zero bound

DEFINITION: The phrase “zero bound,” or “zero lower bound,” refers to a monetary policy in which a central bank decreases short-term interest rates to zero.

The purpose of a zero-bound monetary strategy is to stimulate the economy by encouraging borrowing, spending, and investing.

The advisability of a zero bound policy is highly disputed. Even if it can be justified by its stimulative effect, a central bank must nevertheless exercise caution in implementing this approach, by, among other things, employing other measures to stimulate or revive the economy, as well, even if they are unconventional or controversial.

Thus, zero bound should only be considered in connection with relatively dire economic stagnation, when all other, more-conventional stimulative measures have failed.

ETYMOLOGY: The phrase “zero bound” probably goes back to the 1930s, when it was discussed as a theoretical possibility by Depression Era–policymakers. It was first implemented as actual policy by the US Federal Reserve in March of 2020.

The English word “zero” is attested from the early seventeenth century. It derives from either Middle French zéro or Italian zero, which both derive from Medieval Latin zephirum, which itself derives from Arabic ṣifr, all meaning “zero.”

The word zephirum, the Medieval Latin version of the Arabic ṣifr, was coined by the Italian mathematician Fibonacci (Leonardo of Pisa) in his Liber abaci [Book of Calculation] in 1202.

The English noun “bound,” in the mathematical sense derived from the closely related noun “boundary,” is attested from the thirteenth century. It derives, via Middle English, from Old French bodne, which, in turn, derives from Medieval Latin bodina.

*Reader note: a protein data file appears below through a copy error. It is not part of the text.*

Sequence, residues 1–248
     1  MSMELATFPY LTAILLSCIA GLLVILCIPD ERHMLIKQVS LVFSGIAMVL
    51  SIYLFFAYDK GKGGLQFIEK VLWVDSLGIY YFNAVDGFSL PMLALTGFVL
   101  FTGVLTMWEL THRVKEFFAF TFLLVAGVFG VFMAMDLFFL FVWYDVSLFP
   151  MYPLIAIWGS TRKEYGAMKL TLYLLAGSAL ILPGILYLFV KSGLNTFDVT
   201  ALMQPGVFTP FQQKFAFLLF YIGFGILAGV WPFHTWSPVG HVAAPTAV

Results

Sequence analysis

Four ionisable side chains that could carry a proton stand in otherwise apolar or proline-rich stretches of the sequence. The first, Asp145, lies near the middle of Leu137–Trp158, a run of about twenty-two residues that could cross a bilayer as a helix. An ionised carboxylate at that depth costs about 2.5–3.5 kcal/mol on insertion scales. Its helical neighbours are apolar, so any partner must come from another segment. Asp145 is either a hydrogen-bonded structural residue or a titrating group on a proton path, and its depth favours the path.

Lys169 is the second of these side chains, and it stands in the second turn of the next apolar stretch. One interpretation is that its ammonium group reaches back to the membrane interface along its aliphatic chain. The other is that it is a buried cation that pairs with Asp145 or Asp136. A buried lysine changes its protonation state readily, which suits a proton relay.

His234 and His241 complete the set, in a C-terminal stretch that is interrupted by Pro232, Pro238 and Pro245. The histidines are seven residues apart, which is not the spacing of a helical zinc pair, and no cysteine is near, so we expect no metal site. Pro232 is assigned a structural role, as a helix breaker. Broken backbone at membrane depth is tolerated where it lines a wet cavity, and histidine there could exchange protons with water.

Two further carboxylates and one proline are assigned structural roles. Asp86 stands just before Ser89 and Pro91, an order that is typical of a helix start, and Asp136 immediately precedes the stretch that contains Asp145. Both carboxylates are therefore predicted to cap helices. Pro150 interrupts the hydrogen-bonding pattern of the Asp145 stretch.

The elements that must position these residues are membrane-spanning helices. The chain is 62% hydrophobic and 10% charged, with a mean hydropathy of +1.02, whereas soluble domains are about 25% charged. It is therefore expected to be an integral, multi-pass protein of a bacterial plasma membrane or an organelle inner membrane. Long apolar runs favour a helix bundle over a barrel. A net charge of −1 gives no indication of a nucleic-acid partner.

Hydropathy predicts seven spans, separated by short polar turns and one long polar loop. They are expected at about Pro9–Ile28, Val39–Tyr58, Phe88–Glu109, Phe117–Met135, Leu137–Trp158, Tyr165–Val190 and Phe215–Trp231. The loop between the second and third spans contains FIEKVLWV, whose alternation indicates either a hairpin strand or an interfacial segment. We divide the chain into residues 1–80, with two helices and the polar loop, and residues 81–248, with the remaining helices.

USAGE: The phrase “zero bound” means the lower bound that interest rates may fall to, given that, while negative rates (meaning the owner pays the bank to hold his money for him) are theoretically possible, they are not usually practicable, at least in the context of a national government’s monetary policy.

Central banks manipulate interest rates in two main ways: either by reducing the prime rate (which is used as a benchmark by all other banks) to stimulate a stagnating economy or else by raising the prime rate to cool off an overheating economy.

Logically, there is no upper limit to how high the central bank can raise interest rates. However, there is a lower bound and that is obviously zero (once again, ignoring negative rates).

Assuming that interest rates ought not to be allowed to fall into negative territory, it may be presumed that once interest rates reach the zero bound, or approach very near to it (as with 0.1 percent rates, for example), then monetary-policy adjustments elsewhere in the system will be required to sustain or economic stability.

Perhaps the best-known substitute for further interest-rate cuts within a government’s monetary-policy toolkit is what is known as “quantitative easing” (QE). Quantitative easing is thus an adjunct to a zero-bound policy.

Quantitative easing involves the implementation by a central bank of an extensive program of the repeated purchase of assets, usually including Treasury bills and government bonds.

The goal of QE is not only to keep short-term interest rates (those of financial instruments with terms of one year or less) low, but also to reduce longer-term rates.

If successful, the combined policies of zero bound and quantitative easing may succeed in stimulating the economy by putting in place the requisite incentives to motivate increased borrowing.

The long-term sustainability of these novel and drastic policies, however, remains highly contentious.